Royal Museums of Fine Arts of Belgium
Located within a magnificent neo-classical building in the heart of Brussels, the Royal Museums of Fine Arts is considered to be one of the greatest museums in the city. It actually consists of four main museums; the Museum of Ancient Art, the Museum of Modern Art, the Constantin Meunier Museum, and the Antoine Wiertz Museum. Within the building’s walls, visitors can discover over 20,000 drawings, sculptures, and paintings that date back from the early 15th century to the present day. Among the collection are a number of masterpieces by Peter Bruegel; as well as works by other Flemish masters including Paul Rubens, Henry Moore, René Magritte, and many more.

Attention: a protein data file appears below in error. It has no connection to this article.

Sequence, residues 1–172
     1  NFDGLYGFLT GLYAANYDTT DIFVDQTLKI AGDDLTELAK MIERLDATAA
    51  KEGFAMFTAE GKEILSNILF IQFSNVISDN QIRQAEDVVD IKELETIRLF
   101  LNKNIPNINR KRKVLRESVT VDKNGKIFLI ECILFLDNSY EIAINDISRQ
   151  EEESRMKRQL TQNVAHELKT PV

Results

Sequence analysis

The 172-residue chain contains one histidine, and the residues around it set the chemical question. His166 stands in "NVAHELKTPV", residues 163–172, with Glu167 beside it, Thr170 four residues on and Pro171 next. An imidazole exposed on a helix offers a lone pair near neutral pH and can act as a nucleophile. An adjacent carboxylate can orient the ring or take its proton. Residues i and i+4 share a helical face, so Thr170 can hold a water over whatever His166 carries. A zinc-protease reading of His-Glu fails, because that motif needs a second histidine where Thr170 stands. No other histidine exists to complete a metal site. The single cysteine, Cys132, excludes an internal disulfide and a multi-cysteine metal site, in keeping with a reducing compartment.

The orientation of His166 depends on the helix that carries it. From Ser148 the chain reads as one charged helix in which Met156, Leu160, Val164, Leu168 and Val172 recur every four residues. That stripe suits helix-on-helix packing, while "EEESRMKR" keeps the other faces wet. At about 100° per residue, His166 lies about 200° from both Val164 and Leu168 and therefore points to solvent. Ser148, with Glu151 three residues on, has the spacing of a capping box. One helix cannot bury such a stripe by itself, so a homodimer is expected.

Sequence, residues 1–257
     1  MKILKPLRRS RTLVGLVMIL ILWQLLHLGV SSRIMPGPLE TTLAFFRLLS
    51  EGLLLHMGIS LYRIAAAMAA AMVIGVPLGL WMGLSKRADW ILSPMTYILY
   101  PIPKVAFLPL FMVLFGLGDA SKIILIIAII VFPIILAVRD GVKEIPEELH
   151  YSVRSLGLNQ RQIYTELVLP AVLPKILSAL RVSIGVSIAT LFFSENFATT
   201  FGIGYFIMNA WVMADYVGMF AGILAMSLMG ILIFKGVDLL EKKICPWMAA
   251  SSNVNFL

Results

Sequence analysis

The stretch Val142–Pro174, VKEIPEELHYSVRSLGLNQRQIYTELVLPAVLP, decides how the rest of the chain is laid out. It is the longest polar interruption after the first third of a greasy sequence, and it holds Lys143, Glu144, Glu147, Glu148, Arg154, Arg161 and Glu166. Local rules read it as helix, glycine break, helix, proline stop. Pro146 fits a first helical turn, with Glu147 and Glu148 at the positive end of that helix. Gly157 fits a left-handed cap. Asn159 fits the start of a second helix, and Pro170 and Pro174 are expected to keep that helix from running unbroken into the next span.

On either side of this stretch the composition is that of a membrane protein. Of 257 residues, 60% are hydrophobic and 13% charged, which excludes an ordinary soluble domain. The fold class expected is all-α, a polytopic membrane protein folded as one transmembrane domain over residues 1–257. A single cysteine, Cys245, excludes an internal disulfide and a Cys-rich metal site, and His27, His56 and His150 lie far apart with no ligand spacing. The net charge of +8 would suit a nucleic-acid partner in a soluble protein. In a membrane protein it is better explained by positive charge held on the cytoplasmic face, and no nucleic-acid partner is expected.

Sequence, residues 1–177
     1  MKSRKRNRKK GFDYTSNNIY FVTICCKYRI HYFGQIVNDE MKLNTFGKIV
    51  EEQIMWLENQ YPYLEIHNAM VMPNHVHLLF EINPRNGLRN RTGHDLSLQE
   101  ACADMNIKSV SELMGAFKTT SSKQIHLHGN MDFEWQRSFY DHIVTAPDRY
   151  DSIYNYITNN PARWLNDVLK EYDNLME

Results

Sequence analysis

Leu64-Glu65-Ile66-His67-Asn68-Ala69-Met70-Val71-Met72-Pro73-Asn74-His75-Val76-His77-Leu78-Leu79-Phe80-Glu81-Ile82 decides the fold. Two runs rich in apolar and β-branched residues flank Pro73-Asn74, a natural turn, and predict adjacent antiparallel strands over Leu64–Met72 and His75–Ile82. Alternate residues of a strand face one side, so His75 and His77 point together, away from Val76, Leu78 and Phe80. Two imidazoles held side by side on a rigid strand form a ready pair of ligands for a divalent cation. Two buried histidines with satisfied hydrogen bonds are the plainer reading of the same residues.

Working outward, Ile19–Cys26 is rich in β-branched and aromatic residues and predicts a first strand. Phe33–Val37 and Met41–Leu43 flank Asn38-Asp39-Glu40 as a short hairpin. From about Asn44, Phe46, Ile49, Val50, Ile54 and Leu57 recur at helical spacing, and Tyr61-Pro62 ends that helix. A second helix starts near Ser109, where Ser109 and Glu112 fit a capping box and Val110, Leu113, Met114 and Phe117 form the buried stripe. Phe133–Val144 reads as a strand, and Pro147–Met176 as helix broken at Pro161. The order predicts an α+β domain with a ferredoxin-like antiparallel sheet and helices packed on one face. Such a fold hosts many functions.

Royal Museums of Fine Arts of Belgium, Rue de la Régence Place Royale 1, Brussels 1000
Belgian Brewers Museum
No list of museums in Brussels would be complete without mentioning Belgium’s favorite beverage – beer. Located right in the heart of Brussels on the Grote Markt, the Belgian Brewers Museum is a fantastic place to visit if you appreciate a good brew. Visitors can take a glimpse at days gone by and see how beer was made in an 18-century brewery. Various implements, brewing and fermentation tubs, and other materials can be found on display here. Inside the museum’s cozy cafe, guests will also discover old tankards, antique porcelain, and other objects found in traditional inns. Of course, no visit to a brewery would be complete without sipping on a nice, cold beer. And thankfully, the Belgian brewers will gladly offer visitors a glass of delicious brew at the end of their visit.
Belgian Brewers Museum, Grote Markt 10, Brussels 1000